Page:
ISBN-10:
6155225079
ISBN-13:
9786155225079
Pub. Date:
Publisher:

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Overview

The book examines the role of Western broadcasting to the Soviet Union and Eastern Europe during the Cold War, with a focus on Radio Free Europe and Radio Liberty. It includes chapters by radio veterans and by scholars who have conducted research on the subject in once-secret Soviet bloc archives and in Western records. It also contains a selection of translated documents from formerly secret Soviet and East European archives, most of them published here for the first time.



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Product Details

ISBN-13: 9786155225079
Publisher: Central European University Press
Publication date: 08/12/2012
Pages: 612
Product dimensions: 9.30(w) x 6.50(h) x 1.40(d)

About the Author

A. Ross Johnson was a History and Public Policy Fellow at the Woodrow Wilson International Center for Scholars and Senior Adviser at Radio Free Europe/Radio Liberty.

R. Eugene Parta is former director of Soviet Area Audience and Opinion Research at RFE/RL and of Media and Opinion Research at the RFE/RL Research Institute.

Table of Contents

Preface by the editors
Foreword by Timothy Garton Ash
Introduction by A. Ross Johnson

PART ONE: GOALS OF THE BROADCASTS
Chapter One: RFE's Early Years: Evolution of Broadcast Policy and Evidence of Broadcast Impact, Paul B. Henze
Chapter Two: Goals of Radio Liberty, Gene Sosin
Chapter Three: The Voice of America: A Brief Cold War History, Alan L. Heil Jr.

PART TWO: JAMMING AND AUDIENCES
Chapter Four: Cold War Radio Jamming, George W. Woodard
Appendix A: Types of Jamming
Appendix B: An Example of a Shortwave Broadcasting Station During the Cold War
Chapter Five: The Audience to Western Broadcasts to the USSR During the Cold War: An External Perspective, R. Eugene Parta
Chapter Six: The Foreign Radio Audience in the USSR During the Cold War: An Internal Perspective, Elena I. Bashkirova
Chapter Seven: The Audience to Western Broadcasts to Poland During the Cold War, Lechosław Gawlikowski (with Yvette Neisser Moreno)
Appendix C: Weekly Listening Rates for Major Western Broadcasters to Poland, Hungary, Czechoslovakia, Romania, Bulgaria and the USSR During the Cold War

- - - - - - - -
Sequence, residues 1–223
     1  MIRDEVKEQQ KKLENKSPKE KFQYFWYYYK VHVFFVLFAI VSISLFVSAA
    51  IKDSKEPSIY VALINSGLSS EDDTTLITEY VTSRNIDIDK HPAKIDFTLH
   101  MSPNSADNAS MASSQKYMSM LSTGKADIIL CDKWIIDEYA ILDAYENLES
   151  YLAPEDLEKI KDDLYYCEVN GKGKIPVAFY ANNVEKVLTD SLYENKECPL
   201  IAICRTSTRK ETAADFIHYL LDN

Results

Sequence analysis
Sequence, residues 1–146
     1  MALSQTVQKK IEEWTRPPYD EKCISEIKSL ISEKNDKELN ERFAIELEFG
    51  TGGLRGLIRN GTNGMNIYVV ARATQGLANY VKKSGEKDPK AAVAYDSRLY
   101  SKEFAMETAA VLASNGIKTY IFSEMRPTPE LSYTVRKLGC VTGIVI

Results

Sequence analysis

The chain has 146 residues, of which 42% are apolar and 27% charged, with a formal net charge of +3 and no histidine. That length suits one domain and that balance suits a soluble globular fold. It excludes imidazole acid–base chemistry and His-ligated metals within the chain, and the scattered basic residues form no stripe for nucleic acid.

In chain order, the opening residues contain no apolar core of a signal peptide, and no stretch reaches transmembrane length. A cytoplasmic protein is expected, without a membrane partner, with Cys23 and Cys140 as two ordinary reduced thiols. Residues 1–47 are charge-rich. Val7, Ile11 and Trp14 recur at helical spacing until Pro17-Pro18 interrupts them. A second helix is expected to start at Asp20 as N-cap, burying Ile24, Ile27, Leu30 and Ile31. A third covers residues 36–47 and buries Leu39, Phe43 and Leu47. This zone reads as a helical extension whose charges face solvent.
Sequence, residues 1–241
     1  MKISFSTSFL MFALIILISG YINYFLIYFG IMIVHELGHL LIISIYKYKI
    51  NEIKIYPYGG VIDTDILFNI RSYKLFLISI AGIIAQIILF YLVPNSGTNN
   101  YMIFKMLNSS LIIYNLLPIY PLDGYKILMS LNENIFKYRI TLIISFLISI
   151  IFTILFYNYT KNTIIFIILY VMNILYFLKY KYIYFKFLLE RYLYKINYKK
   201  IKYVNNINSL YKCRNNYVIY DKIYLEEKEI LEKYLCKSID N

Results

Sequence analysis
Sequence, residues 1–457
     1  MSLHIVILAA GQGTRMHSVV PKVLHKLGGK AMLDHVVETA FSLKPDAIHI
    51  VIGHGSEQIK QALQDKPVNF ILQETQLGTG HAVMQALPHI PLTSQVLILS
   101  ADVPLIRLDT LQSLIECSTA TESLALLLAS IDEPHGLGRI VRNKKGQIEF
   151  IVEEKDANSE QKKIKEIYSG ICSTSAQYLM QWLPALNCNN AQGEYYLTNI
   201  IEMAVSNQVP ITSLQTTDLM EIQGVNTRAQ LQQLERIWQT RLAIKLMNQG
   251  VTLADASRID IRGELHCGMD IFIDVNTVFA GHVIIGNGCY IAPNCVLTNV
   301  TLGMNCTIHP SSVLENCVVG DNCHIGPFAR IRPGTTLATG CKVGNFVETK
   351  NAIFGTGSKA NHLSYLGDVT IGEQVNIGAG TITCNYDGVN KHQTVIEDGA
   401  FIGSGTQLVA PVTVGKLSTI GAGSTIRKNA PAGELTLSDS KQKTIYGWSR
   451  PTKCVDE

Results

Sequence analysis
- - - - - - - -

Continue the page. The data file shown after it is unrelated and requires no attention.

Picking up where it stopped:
PART THREE: IMPACT OF WESTERN BROADCASTS IN EASTERN EUROPE
Chapter Eight: Radio Free Europe in the Eyes of the Polish Communist Elite, Jane Leftwich Curry
Chapter Nine: Polish Regime Countermeasures Against Radio Free Europe, Paweł Machcewicz
Chapter Ten: Radio Free Europe's Impact in Romania During the Cold War, Nestor Ratesh
Chapter Eleven: Ceauşescu's War Against Our Ears, Germina Nagat
Chapter Twelve: Just Noise? Impact of Radio Free Europe in Hungary, István Rév
Chapter Thirteen: Bulgarian Regime Countermeasures Against Radio Free Europe, Jordan Baev

PART FOUR: IMPACT OF WESTERN BROADCASTS IN THE USSR
Chapter Fourteen: Soviet Reactions to Foreign Broadcasting in the 1950s, Vladimir Tolz (with Julie Corwin)
Chapter Fifteen: Foreign Media, the Soviet Western Frontier, and the Hungarian and Czechoslovak Crises, Amir Weiner
Chapter Sixteen: Water Shaping the Rock: Cold War Broadcasting Impact in Latvia, Peter Zvagulis

PART FIVE: CONCLUSIONS
Chapter Seventeen: Cold War International Broadcasting and the Road to Democracy. A. Ross Johnson and R. Eugene Parta

PART SIX: DOCUMENTS FROM EAST EUROPEAN AND SOVIET ARCHIVES
I. Regime Perceptions of Western Broadcasters

Bulgaria
1. 1977. Interior Ministry Analysis of Foreign Propaganda against Bulgaria
2. 1986. Interior Ministry Report on the Staff of the Bulgarian Service of RFE
3. 1989. Bulgarian Politburo Discussion on RFE Monitoring Reports

German Democratic Republic
4. 1970. Stasi Report on West German Government's Attitude to RFE and RL

Hungary
5. 1973. Report to Politburo and Politburo Resolution on Fight against "Imperialist Propaganda"
6. 1978. Hungarian Central Committee Discusses Implementation of 1973 Resolution

Romania
7. 1964. Securitate Reports on RFE's Encouragement of Romanian Independence from USSR

Poland
8. 1966. Letter from Army Main Political Administration to Interior Minister on "Hostile" Radio Propaganda
9. 1967. Foreign Intelligence Report on RFE
10. 1976. Analysis of Western Radio "Propaganda" Directed at Poland

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